Last month, the Alexander Hamilton Awareness Society organized a series of event to commemorate the anniversary of the famous duel between Alexander Hamilton and Aaron Burr on July 11, 1804, Hamilton’s death on July 12, and his funeral on July 14. As you already know, I am currently writing a book about Alexander Hamilton. I figured that these events would be a great way to learn even more about Hamilton and to meet other Hamilton experts. I was not disappointed on either account.

In a series of blog posts, I’ll share with you some of my experiences at these events.

As you’ve probably figured out from some of my recent posts, I also enjoy photography. I took hundreds of photos as these Hamilton events. Don’t worry, I’ll only share a few of the best photos.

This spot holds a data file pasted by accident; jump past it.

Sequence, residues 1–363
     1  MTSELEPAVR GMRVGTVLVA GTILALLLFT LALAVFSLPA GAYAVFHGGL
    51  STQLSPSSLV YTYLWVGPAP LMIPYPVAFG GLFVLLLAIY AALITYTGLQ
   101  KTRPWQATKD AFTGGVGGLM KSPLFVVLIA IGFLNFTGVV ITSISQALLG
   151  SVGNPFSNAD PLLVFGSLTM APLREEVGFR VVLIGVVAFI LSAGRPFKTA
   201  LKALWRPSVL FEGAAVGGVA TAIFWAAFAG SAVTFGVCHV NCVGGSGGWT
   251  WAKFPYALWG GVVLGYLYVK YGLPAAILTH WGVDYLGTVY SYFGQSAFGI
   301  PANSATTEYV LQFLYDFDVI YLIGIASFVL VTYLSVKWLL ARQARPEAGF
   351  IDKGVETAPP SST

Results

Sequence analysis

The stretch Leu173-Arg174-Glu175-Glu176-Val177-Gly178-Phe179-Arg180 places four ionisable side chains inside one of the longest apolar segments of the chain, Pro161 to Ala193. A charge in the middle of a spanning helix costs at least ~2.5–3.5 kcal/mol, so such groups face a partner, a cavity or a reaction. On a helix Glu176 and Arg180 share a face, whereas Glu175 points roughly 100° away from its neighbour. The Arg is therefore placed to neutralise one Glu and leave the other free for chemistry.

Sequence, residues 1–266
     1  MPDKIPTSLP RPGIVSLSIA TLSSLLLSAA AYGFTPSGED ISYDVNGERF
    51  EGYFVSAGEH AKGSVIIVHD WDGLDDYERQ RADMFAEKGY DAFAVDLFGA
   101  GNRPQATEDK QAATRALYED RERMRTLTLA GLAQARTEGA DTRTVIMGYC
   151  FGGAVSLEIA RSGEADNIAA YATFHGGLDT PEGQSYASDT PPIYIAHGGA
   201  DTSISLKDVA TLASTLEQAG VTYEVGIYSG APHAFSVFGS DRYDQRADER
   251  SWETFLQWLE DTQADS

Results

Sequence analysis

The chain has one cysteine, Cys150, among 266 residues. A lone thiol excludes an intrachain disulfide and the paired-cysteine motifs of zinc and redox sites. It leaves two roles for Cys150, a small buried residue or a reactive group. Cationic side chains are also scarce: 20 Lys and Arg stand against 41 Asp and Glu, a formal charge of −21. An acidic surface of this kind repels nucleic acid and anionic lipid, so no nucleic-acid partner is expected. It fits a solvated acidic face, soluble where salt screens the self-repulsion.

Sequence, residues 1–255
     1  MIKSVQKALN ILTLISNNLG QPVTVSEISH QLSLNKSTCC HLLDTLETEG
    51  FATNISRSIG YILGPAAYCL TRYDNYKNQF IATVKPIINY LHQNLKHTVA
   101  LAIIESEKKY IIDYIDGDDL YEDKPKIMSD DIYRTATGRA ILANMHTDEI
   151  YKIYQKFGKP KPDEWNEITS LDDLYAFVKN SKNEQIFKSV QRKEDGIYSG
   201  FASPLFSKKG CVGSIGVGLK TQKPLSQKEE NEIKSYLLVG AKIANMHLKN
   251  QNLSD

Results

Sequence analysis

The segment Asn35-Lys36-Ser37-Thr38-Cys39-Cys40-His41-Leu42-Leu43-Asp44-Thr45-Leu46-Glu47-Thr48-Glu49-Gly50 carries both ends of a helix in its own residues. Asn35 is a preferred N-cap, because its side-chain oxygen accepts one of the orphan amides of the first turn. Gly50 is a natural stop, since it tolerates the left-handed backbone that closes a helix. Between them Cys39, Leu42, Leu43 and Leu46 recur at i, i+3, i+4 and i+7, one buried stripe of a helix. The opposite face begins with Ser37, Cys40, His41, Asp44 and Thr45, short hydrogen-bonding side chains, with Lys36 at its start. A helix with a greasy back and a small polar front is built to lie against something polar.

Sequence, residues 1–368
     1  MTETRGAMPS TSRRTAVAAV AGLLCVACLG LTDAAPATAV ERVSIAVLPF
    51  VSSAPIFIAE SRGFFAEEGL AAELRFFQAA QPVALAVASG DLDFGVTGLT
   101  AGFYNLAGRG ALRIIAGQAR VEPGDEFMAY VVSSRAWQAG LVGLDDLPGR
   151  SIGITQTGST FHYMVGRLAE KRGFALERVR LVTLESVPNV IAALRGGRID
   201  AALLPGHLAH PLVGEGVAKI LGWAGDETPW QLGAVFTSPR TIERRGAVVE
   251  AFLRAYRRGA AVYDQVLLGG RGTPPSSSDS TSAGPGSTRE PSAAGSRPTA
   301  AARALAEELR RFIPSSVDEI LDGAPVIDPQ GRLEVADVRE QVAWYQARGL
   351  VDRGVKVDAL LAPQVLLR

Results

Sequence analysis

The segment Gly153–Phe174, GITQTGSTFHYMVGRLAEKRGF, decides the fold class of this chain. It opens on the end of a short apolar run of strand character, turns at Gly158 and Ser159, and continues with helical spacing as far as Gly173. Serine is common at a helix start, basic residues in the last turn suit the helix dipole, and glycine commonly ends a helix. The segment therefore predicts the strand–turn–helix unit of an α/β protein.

On July 11, we gathered in Weehawken, New Jersey, the location of the famous duel between Alexander Hamilton and Aaron Burr. Aaron Burr was the sitting Vice President at the time and Alexander Hamilton was possibly the country’s greatest lawyer after serving his country so admirably for a quarter of a century as a soldier in the army during the revolution, as a representative in New York’s Assembly, as a delegate to the federal Congress, as a delegate to the Constitutional Convention, as the nation’s first Secretary of the Treasury, and as Washington’s second in command during the Quasi-War. America had seen many duels before, but no duel before or since saw such two illustrious men face each other.

I got to Weehawken early–very early–due to the uncertainty of taking the subway and then a bus to a location I had never been to before. This enabled me to wander around Weehawken for a short period. Weehawken is a beautiful small town just across the river from New York City. Here’s a picture I took while wandering around Weehawken: